We have transitioned to sprawling Metropolis where Clark works as a mild-mannered reporter at The Daily Planet. Christopher Reeve plays Clark/Superman and there was no one who could have filled the role better. Physically, Reeve is the example by which all super human character portrayals still look towards. Yet, the Julliard trained actor performs the dual personality so well. When he dons Clark’s glasses you feel as if you are looking at another actor from when he’s dressed in the blue and red costume of Superman. His posture and voice inflections are so distant from each character he’s playing. Christopher Reeve was a stellar actor of versatility.
In Metropolis, we are also introduced to an impure villain, Lex Luthor (Gene Hackman, who never got enough praise for this role) focused on greed and individual power for him to consume at the expense of everyone else on Earth.
As well, just as life must bring us towards the experience of loss, it also must introduce us to love in the form of Lois Lane. Margot Kidder does a magnificent job of the hustle and bustle career woman with a sense of romance and need for ongoing adventure. A reporter’s life will only give you that some of the time. Superman will let you live that every day. In life, we all start with valuing one person in our lives beyond our immediate family, and Lois serves that purpose to Clark’s perspective.
Donner takes advantage of comedy and slapstick when Metropolis comes into play. It’s not as polished as Krypton. Nor is it as calm and reserved as Smallville. Again, the personality changes. Reeve plays Clark as a persona of the inept and gullible newcomer nerd to hide his powerful alter ego. Hackman’s Lex is accompanied by Ned Beatty as a bumbling sidekick to play off of. (This same actor was a frighteningly powerful and intimidating corporate CEO in Network just a few years prior!) Valerie Perrine holds her own against Hackman as Lex’ alluring dame to have a tete a tete of sarcasm with. Kidder is the leader of Metropolis’ populace always on the go so much that she’s not even aware of her insensitivity to poor Clark. A great gag is that as a good as a reporter as she is, Lois has terrible skills in spelling. (There’s only one p in ‘rapist’.)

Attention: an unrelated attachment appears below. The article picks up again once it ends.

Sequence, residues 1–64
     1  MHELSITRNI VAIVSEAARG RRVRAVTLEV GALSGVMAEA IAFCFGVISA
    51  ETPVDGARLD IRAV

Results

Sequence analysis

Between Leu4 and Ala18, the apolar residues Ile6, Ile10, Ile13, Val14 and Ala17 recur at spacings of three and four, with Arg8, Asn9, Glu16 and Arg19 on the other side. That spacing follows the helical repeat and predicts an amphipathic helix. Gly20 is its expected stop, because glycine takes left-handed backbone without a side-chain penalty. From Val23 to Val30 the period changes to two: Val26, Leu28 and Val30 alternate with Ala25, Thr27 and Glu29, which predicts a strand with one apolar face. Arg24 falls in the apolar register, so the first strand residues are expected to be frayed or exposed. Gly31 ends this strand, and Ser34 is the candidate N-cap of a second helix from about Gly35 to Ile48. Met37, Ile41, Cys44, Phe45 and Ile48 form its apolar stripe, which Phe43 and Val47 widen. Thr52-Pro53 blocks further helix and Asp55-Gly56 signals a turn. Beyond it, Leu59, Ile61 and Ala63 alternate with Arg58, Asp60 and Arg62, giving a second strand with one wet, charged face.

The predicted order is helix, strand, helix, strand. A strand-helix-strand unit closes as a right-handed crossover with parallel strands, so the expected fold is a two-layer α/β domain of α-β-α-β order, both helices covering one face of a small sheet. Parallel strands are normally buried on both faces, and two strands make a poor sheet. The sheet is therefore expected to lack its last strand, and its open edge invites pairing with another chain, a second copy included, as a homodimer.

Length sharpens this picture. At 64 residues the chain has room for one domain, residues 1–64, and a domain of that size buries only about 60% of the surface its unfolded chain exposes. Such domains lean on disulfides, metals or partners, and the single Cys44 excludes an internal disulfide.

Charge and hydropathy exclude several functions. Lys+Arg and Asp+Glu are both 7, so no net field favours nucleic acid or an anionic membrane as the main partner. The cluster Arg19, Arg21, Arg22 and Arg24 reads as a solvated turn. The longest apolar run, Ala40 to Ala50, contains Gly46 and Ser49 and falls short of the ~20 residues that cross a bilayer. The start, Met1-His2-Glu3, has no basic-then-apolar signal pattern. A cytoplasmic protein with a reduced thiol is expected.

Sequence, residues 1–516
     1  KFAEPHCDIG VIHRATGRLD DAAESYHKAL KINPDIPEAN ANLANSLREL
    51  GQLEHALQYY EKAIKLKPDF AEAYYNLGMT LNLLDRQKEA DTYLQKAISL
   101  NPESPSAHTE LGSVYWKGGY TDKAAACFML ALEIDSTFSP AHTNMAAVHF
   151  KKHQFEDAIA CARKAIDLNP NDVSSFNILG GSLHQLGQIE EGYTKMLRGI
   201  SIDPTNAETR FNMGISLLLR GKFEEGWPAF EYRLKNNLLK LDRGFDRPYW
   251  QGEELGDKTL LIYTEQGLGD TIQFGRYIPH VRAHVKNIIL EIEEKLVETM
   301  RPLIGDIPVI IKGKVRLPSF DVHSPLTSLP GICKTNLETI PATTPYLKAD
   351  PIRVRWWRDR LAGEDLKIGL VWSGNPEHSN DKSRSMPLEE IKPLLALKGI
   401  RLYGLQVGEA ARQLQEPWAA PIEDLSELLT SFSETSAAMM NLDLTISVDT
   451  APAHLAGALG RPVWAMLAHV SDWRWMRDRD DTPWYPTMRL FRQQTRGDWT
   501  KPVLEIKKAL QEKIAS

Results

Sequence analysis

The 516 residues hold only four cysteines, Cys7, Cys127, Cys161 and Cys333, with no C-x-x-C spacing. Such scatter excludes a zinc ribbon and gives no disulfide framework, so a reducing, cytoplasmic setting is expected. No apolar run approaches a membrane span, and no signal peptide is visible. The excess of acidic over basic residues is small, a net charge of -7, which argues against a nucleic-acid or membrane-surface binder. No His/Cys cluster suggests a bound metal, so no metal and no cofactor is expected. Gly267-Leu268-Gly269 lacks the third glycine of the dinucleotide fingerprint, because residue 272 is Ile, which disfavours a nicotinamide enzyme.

Maybe you’ve never seen Superman from 1978, or maybe it’s been too long since you last took it in. It remains a watch that’s worthwhile. Donner’s film covers so much of this one individual’s life that also includes two separate ancestries. I get hot and cold on biographical films, sometimes. It’s a tough scale to measure. Sometimes filmmakers don’t show you enough. I thought the film Ray, ended too suddenly on its depiction of Ray Charles. Sometimes, it’s an overabundance of material. The Last Emperor and Chariots Of Fire seemed to never end, and became mired in long, drawn-out, sleep-inducing pieces of dialogue. Superman allows just the right amount of time to live within these different parts of Kal-El/Clark Kent/Superman’s life that you get familiar with who the main character encounters and how he responds to those around him. You also witness how these environments respond back to him. You get a sense of what he stands for and where he feels insufficient and where feels strong and secure, as well as valued by others.
It might be crazy to believe, but biographical writers and filmmakers should turn towards Richard Donner’s film for an outline that perfectly establishes every scene and moment that’s cut into its mold. Superman: The Movie? When I want to tell the life story of Golda Meir, or Barack Obama or Joseph Stalin or Jesus Christ? Yes, Superman. If we are crazy enough to follow the exploits of a man who wears a cape and flies through the sky, then why can’t we believe he can provide the answers to the great mysteries of life better than any of us?